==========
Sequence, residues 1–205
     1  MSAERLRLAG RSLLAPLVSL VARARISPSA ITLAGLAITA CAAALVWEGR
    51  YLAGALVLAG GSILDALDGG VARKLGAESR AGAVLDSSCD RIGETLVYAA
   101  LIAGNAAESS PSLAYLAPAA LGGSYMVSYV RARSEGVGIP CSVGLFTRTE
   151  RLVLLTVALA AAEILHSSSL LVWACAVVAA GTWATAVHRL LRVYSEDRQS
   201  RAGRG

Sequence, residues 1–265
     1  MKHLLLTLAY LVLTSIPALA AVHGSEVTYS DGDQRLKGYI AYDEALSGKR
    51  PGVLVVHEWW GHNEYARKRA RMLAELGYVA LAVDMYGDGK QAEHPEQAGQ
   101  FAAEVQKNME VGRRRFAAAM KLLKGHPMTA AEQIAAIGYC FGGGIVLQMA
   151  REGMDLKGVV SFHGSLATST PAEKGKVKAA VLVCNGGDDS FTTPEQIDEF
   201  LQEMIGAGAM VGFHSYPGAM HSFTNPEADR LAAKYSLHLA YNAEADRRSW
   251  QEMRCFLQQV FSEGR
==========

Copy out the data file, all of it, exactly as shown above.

Sequence, residues 1–205
     1  MSAERLRLAG RSLLAPLVSL VARARISPSA ITLAGLAITA CAAALVWEGR
    51  YLAGALVLAG GSILDALDGG VARKLGAESR AGAVLDSSCD RIGETLVYAA
   101  LIAGNAAESS PSLAYLAPAA LGGSYMVSYV RARSEGVGIP CSVGLFTRTE
   151  RLVLLTVALA AAEILHSSSL LVWACAVVAA GTWATAVHRL LRVYSEDRQS
   201  RAGRG

Sequence, residues 1–265
     1  MKHLLLTLAY LVLTSIPALA AVHGSEVTYS DGDQRLKGYI AYDEALSGKR
    51  PGVLVVHEWW GHNEYARKRA RMLAELGYVA LAVDMYGDGK QAEHPEQAGQ
   101  FAAEVQKNME VGRRRFAAAM KLLKGHPMTA AEQIAAIGYC FGGGIVLQMA
   151  REGMDLKGVV SFHGSLATST PAEKGKVKAA VLVCNGGDDS FTTPEQIDEF
   201  LQEMIGAGAM VGFHSYPGAM HSFTNPEADR LAAKYSLHLA YNAEADRRSW
   251  QEMRCFLQQV FSEGR